States’ redistricting processes have always been varied and complex. So it’s no surprise the complexity would increase during a pandemic that threw a wrench into U.S. census data-gathering, which helps determine districts. But Wendy Underhill, director of NCSL’s Elections and Redistricting Program, says it could have been worse.
In the lead-up to redistricting, Underhill says, “I was one of the many people who said the delays would mean delays in the elections. I was wrong.”
States have managed to keep on track for scheduled elections, but that has meant scrambling to get redistricting done in time, she says.
At an NCSL online press briefing Underhill offered a comparison between where states were in their redistricting process by mid-October 2011 and where they are now. Ten years ago, 21 states had completed their new maps. This year, only four states have done so.
Underhill notes that modern redistricting was established after a series of Supreme Court rulings in the early 1960s created the one-person, one-vote rule. The court said that district lines should be drawn so that the “weight and worth of the citizens’ votes as nearly as is practicable must be the same. ” Up until the 1960s, districts were often wildly disparate in population. In some states, there were districts with 10 times the number of voters in other districts, Underhill says.
Census Data Delayed
In this redistricting round—timed to follow the new census every 10 years—states got the final census numbers in August, more than four months behind schedule. But Underhill says redistricters were already creating draft maps and seeking input from their communities.
While the coronavirus limited public gatherings, she says technology made up for it in many ways, citing a range of options states offered for the public to suggest their own maps and provide their opinions.
She says veterans of redistricting in decades past have told her how they’d type in a map option on a computer, take a disk across town and not get a report to look at until the next day. Now, redistricting officials and the public in many states can draft new map versions as fast as they can type in the information.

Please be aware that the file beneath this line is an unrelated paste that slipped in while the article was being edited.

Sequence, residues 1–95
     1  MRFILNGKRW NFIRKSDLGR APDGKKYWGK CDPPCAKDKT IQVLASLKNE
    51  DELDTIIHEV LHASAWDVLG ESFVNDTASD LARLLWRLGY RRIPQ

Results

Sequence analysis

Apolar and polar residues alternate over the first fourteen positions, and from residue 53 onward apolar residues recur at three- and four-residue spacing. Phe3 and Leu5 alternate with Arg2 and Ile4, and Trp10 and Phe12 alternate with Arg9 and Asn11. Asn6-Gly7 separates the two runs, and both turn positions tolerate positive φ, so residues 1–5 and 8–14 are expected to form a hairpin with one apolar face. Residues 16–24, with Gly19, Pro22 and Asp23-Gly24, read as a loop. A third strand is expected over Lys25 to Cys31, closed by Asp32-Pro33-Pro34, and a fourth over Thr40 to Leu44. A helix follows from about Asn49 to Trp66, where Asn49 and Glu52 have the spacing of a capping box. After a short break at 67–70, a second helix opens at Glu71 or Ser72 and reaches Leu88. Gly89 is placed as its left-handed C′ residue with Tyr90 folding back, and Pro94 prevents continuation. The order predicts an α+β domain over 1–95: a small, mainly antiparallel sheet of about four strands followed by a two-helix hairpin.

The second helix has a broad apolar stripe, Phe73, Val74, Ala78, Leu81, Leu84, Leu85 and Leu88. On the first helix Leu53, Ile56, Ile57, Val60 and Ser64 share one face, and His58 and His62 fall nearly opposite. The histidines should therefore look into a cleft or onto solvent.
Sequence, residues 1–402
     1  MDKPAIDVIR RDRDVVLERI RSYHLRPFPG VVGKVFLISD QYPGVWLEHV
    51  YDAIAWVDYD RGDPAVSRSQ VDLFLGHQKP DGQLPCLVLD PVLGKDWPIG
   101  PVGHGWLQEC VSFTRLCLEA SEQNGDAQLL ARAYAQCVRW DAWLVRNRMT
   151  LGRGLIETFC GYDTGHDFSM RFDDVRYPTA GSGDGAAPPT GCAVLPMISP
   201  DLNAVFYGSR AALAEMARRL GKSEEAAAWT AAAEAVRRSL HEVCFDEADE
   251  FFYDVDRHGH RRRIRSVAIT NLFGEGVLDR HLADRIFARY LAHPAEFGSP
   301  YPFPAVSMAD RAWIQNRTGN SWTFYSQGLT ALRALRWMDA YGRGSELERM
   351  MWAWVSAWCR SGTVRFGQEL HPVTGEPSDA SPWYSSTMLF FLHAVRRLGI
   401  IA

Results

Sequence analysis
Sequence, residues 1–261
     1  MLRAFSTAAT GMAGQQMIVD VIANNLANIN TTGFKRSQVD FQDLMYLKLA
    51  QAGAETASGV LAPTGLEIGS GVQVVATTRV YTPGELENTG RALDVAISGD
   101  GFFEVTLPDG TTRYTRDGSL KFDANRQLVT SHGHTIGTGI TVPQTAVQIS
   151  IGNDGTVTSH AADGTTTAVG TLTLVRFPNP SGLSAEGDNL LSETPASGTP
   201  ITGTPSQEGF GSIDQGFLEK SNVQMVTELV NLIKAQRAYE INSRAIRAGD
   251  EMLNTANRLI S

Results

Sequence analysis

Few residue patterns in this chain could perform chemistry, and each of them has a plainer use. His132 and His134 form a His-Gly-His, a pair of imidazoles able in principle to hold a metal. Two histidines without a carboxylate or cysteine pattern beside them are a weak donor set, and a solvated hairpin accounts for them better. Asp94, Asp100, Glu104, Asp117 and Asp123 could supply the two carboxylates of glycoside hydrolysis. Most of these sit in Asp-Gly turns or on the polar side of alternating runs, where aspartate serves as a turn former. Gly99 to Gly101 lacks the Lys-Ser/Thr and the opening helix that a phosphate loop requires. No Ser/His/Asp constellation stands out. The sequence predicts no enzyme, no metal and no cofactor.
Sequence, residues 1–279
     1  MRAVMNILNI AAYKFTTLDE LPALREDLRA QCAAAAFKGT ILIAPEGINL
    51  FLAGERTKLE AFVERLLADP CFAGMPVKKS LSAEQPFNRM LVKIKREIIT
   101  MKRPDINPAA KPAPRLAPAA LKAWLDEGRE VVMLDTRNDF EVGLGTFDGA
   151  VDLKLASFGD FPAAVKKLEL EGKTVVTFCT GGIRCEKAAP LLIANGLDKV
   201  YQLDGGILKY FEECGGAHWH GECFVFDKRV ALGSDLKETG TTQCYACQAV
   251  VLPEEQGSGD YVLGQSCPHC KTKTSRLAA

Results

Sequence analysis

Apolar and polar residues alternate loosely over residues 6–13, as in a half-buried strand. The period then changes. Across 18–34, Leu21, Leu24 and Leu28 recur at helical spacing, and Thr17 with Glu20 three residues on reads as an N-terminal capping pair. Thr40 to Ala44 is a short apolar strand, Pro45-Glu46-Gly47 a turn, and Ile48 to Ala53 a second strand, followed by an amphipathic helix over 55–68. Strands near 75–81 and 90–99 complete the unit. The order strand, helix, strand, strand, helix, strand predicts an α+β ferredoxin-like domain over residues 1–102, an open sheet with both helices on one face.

Of particular interest this decade is how states can identify “communities of interest,” a term that refers to areas where people have common economic, cultural or other interests. So when the public weighs in on how they view their own community of interest, redistricters gain insights that could make the resulting maps more defensible should they be challenged in court, Underhill says.
And the courts are an integral part of the process, more so than ever.
“You get the census, then you get redistricting, then you get litigation,” Underhill says. And while there hasn’t been a flood of lawsuits yet, she predicts they will come. Courts can be the final arbiter of the maps, she notes.
In some states, there are lawsuits asking the courts to just go ahead and draw lines and not wait for the traditional process this year, she says. In Minnesota, where one party controls the Senate and the other controls the House, a lawsuit has been filed saying, in effect, “don’t even bother (with the Legislature), courts please draw these maps so we can get going on elections.”
Even where the courts may be involved, Underhill says it shouldn’t cause election delays. Courts know it’s crucial to move the cases quickly; if complexity holds up a ruling, the court could direct that an election be run under the existing districts rather than delay an election.
Once the maps are official, a lot more work must happen. Candidates have to figure out which district they can run in; election officials have to make sure the precincts within the new districts still represent the population evenly; and they have to prepare ballots to send to military and overseas voters 45 days before the election. It’s a scramble, even after redistricting is completed.
Kelley Griffin is a writer and editor in NCSL’s Communications Division.